The tiny, brown, southern corn leaf beetle feeds on the whorls of corn seedlings as they begin to emerge, potentially destroying the plants down to the soil line.
In most years, the southern corn leaf beetle (Myochrous cyphus-denticollis spp.) is not typically an economically significant pest. Yet, this rare insect pest possesses the ability to severely damage a corn crop unless preventive measures are taken. That’s why farmers may want to keep it on their checklist of insect pests to proactively manage.
Research history from Kansas State University documents that the southern corn leaf beetle devastated a large portion of cornfields in the northeastern part of the state in the late 1990s. Until that incident, it had been 80 years since the southern corn leaf beetle was reported to damage corn fields.
Identification and Lifecycle
Adult southern corn leaf beetles are tiny – only 3/16 inch to 1/5 inches long – and brown in color. Southern corn leaf beetles deposit up to 50 eggs at the base of a corn plant or in crop residue. Larvae hatch within 10 days and feed on corn roots or weeds such as crabgrass. Larvae mature in 10 weeks and emerge from the soil as adult beetles, when they can begin to fly from field to field.
As seedlings begin to emerge, the beetles will begin to feed in the corn whorl, and the corn plant will bend down.
The southern corn leaf beetle overwinters in crop residue and under the soil. This insect can produce up to four generations per growing season. In the Central Corn Belt, the southern corn beetle larval stage typically occurs during mid-May through mid-June, depending on geography.
Heavy infestations of southern corn beetle can damage corn plants so extensively that they die. This pest can destroy corn seedlings down to the soil. In fact, even a healthy stand of corn can be destroyed when a large population of this insect lands in a field.
Begin scouting for southern corn leaf beetles as soon as seedlings emerge. A sign to note is that beetles easily fall to the ground when corn leaves are brushed by human movement through a field, but they are difficult to see because of their small size. A hand lens is helpful. Refer to a pest identification guide to avoid mistaking southern corn leaf beetle damage for cutworm or armyworm feeding. Follow University Extension weekly and monthly reports for scouting guidelines and economic thresholds for insecticide treatments in specific corn-growing geographies.
Southern Corn Leaf Beetle Management Options
In no-till or limited-till situations, southern corn leaf beetle may become established in the soil, overwinter and feed on newly planted seedlings. For best results managing southern corn leaf beetle, remove existing crop residue and control weeds through tillage, a burndown herbicide and residual preplant herbicides.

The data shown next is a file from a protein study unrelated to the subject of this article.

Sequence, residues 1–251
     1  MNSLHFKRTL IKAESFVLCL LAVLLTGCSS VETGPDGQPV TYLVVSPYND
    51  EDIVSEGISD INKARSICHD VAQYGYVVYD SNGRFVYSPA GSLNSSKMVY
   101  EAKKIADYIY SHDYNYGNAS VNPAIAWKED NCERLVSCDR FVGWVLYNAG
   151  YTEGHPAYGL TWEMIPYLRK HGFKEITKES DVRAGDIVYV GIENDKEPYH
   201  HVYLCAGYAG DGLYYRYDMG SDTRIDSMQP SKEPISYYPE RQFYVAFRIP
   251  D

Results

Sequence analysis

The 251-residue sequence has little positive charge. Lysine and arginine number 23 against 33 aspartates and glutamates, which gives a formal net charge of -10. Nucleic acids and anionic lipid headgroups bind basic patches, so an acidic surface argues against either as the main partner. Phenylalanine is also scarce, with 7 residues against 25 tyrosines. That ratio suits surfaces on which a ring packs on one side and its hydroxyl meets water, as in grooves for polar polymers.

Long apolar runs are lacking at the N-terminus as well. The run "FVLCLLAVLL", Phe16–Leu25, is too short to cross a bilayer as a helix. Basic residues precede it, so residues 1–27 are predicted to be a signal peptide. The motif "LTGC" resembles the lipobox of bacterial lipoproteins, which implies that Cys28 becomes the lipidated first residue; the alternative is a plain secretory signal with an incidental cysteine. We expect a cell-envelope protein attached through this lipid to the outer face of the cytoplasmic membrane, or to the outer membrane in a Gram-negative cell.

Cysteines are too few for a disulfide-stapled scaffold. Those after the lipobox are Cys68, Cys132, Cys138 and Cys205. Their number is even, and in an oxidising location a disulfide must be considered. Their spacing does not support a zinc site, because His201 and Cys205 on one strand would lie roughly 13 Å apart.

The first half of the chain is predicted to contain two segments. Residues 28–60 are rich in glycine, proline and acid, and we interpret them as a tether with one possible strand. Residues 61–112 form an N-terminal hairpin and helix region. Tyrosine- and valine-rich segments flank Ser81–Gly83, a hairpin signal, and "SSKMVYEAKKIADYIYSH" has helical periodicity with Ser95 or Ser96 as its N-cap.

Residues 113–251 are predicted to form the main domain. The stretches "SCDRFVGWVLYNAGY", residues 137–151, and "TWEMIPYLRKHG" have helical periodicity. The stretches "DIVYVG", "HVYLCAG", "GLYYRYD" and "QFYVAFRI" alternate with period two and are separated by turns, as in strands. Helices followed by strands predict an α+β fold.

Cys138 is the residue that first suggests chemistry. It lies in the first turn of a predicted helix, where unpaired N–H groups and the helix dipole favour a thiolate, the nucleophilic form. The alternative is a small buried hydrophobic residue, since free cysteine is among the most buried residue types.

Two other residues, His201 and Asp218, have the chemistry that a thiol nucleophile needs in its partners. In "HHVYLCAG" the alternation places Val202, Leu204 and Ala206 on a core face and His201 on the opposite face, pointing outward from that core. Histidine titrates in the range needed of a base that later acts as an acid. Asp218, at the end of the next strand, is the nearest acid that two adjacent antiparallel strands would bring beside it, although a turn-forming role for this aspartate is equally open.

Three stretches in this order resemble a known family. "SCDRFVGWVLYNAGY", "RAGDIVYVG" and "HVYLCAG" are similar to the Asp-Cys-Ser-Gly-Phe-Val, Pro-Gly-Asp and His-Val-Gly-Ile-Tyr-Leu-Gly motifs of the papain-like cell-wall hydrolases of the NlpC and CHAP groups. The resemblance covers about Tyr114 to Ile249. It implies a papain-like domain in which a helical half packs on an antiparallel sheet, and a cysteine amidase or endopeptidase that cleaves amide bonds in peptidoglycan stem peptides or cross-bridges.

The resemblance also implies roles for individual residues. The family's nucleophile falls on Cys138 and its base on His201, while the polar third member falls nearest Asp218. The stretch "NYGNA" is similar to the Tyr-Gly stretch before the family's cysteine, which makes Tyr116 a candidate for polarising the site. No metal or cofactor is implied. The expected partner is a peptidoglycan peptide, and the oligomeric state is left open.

Taking out existing vegetation prior to planting will also provide better penetration of insecticide spray or granules. Season-long weed control helps prevent southern corn leaf beetle from causing crop damage and harming yields and will help improve effectiveness of in-season insecticide treatments. Additionally, crop rotation continues to be one of the most economical and effective cultural practices for controlling a wide range of crop pests.
Farmers should consult with their seed dealer and review University Extension field trials to evaluate corn hybrid options and traits to help control southern corn leaf beetle. Although there is no trait that controls southern corn leaf beetle, using hybrids that will help control other insect pests can decrease your odds of misidentifying another pest as responsible for feeding damage if southern corn leaf beetle is the true culprit.
The best approach to managing southern corn leaf beetle is prevention.
While this insect may not be a significant pest every year, when a severe infestation does occur – and it can – farmers need to be ready. Seed treatment is a good risk management measure. Under low to moderate southern corn leaf beetle pressure, there are insecticide seed treatments labeled to protect against this pest.
Under heavy beetle pressure, seed treatments may not offer enough protection. That’s when good scouting will help to make the decision if an insecticide treatment may be warranted.
Baythroid® XL insecticide, a pyrethroid, performs on a broad spectrum of corn insect pests, with fast knockdown and long residual control. At-planting application is recommended; however, Baythroid XL can be used all season long. Application timing should be based on careful scouting and local economic thresholds. Follow IPM guidelines to effectively use postemergence insecticides as needed and manage insecticide resistance in combination with other control practices.
To learn more about insect control options in corn, including Baythroid XL, contact your local Bayer representative.
*Always read and follow label instructions. Not all products are registered for use in every state. Baythroid XL is a Restricted Use Pesticide.